Those reading Hanan Ashwari’s cryptic warning this week in a Los Angeles Times oped, that the Palestinians may return to armed resistance should not mistake its meaning: It is a hint at what might be in store for the Middle East in the next six months.
Ms. Ashwari, who sits on the Palestinian Legislative Council, is not the only PA leader to indicate that the Palestinians have not forsworn violence. Other leaders such as former prime-minister Ahmed Qurei have stated openly that, failing the achievement of a diplomatic breakthrough, a new Intifada cannot be ruled out.
History reveals that when Palestinian leaders threaten to take unilateral actions and talk violence, it is never represents just a nervous premonition; it threatens war.
In 1936, the British Mandatory Authority in Palestine, seeking to negotiate the end of a general Arab strike with the Higher Arab Committee, was stunned when Arab violence erupted in the Galilee and then spread throughout the country. The disturbances took the form of murderous attacks on Jewish settlers, the bombing of the Iraq Peteroleum Company’s oil pipeline and the abduction of British officers. It was only put down with the exercise of the harshest of measures by British authorities.
In 1994, within seven months following the signing of the Oslo Accords, an infamous bus bombing killing eight in the northern Israeli town of Afula signaled that ongoing negotiations would not prevent the continuation of armed conflict . Over the following 24 months suicide bombings in markets, cafes, discotheques, malls and on buses resulted in 137 Israeli civilian deaths and 451 wounded without any serious attempt by Arafat or the Palestinian Authority to stanch the flow of terrorists into Israeli towns and cities.
In 1997, a violent rebellion remembered now as “The Tunnel War” was instigated by Yasser Arafat when he accused the first Netanyahu government of infringing on Palestinian rights when the government opened a long approved and negotiated tourist tunnel near the Western Wall. This occurred while Arafat was in the midst of negotiations with the Israeli leader. The confrontation lead to the deaths of 15 Israeli soldiers and 50 Palestinians
Yet the most egregious example of Palestinian mal-intent during negotiations occurred in September 2000 when following Israeli prime minister Ehud Barak’s offer of a Palestine state – which embraced nearly all Palestinian territorial demands, Arafat rejected the offer and set the match to a long planned violent conflict known as the Second Intifada. That four year long conflagration would consume 1,053 Israeli and 4,561 Palestinian lives.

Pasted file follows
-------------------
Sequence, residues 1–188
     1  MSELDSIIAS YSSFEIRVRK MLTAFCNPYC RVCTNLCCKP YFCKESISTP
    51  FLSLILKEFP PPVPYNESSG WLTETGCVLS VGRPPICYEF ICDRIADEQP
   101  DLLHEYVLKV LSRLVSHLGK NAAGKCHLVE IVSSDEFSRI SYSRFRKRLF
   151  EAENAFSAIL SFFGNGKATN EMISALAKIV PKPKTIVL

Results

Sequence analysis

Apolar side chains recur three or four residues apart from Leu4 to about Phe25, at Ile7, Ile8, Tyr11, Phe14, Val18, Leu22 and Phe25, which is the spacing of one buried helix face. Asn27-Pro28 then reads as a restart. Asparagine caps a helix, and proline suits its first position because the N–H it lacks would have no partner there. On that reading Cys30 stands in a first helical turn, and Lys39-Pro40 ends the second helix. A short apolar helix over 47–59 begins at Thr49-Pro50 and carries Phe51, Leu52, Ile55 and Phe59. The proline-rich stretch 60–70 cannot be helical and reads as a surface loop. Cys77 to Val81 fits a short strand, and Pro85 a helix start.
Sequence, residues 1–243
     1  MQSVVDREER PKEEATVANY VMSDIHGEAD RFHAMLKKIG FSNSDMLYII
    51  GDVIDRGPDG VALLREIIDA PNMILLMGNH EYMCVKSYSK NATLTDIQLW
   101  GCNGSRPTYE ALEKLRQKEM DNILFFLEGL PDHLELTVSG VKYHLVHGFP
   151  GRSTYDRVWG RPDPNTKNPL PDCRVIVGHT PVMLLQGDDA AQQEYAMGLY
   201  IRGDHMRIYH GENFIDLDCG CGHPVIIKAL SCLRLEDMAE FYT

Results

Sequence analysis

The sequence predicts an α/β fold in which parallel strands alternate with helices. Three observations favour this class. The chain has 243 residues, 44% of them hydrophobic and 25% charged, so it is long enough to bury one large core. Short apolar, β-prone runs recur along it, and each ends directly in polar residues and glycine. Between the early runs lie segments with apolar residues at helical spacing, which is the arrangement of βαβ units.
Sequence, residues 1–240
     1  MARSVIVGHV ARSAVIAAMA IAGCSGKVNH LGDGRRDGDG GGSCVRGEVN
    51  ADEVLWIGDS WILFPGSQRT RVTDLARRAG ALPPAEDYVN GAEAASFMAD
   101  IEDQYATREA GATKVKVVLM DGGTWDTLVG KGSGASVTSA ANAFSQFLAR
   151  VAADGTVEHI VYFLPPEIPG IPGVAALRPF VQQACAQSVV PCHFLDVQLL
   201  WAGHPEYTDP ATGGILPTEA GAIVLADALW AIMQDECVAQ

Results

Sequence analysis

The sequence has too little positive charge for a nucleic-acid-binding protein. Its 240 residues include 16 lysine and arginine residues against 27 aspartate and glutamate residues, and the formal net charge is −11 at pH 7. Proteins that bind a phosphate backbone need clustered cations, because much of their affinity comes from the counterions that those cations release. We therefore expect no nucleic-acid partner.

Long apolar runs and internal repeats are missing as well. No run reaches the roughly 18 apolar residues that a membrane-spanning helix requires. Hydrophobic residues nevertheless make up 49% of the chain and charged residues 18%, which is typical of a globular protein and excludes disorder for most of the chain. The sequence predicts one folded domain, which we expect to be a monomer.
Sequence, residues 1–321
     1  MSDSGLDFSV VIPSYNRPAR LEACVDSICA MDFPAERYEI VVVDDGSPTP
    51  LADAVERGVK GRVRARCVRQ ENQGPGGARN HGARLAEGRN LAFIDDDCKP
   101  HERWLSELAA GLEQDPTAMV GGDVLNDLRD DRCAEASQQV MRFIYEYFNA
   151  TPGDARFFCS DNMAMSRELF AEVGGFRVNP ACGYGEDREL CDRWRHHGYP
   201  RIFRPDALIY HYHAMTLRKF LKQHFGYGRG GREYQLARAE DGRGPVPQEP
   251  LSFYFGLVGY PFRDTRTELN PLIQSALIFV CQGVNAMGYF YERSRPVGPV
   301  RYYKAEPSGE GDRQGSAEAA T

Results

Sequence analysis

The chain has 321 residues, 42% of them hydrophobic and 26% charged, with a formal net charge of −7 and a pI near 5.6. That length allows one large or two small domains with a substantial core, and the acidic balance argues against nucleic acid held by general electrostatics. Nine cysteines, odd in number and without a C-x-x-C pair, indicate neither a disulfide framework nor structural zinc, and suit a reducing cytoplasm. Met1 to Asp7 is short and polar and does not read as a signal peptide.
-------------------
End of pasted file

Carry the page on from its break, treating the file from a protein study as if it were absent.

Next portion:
It is particularly interesting that the word ‘compromise’ does not appear in the press interviews or opinion pieces of any of the Palestinian leaders. Ashwari herself implies that there is in fact there is no compromise to be had. Either the Israelis can create a single bi-national state or else accede to Palestinian national demands- the dismantlement of all settlements, the creation of a sovereign Palestinian state in the West Bank, Gaza Strip and East Jerusalem and, by implication, the right of return for millions of refugees.
Clearly this is not basis for negotiation let alone mutual co-existence.
But that may be just the point. Taking maximalist positions without regard to the likelihood of accession on the other side has been the pattern of Palestinian negotiation for 75 years. It is almost certainly a Palestinian calculation that with each failed negotiation and new violent confrontation, Palestinian stock only rises, as their leaders are able to reinforce the image of a David confronting Goliath and, despite their central role in the escalation of hostilities, that they are helpless victims of aggression.
Last week, Mahmoud Zahar, a Hamas leader, told students during a lecture at the Islamic University in Gaza City that following the failed Camp David negotiations in 2000, Arafat instructed Hamas (as well as the armed wing of his own Fatah, the Aqsa Martyrs Brigades) to carry out a number of military operations ( read suicide bombings) in the heart of Israel, recognizing that negotiations with the Israeli government had by then failed.
They had failed because Arafat, much like his successors, felt he had much more to gain from armed conflict than he did from negotiation. That, unfortunately, has been the pattern of Palestinian leaders for 80 years. The world feeds this pattern of obfuscation and rejectionism by continuing to ignore it. It is not a prescription for peace, but for war.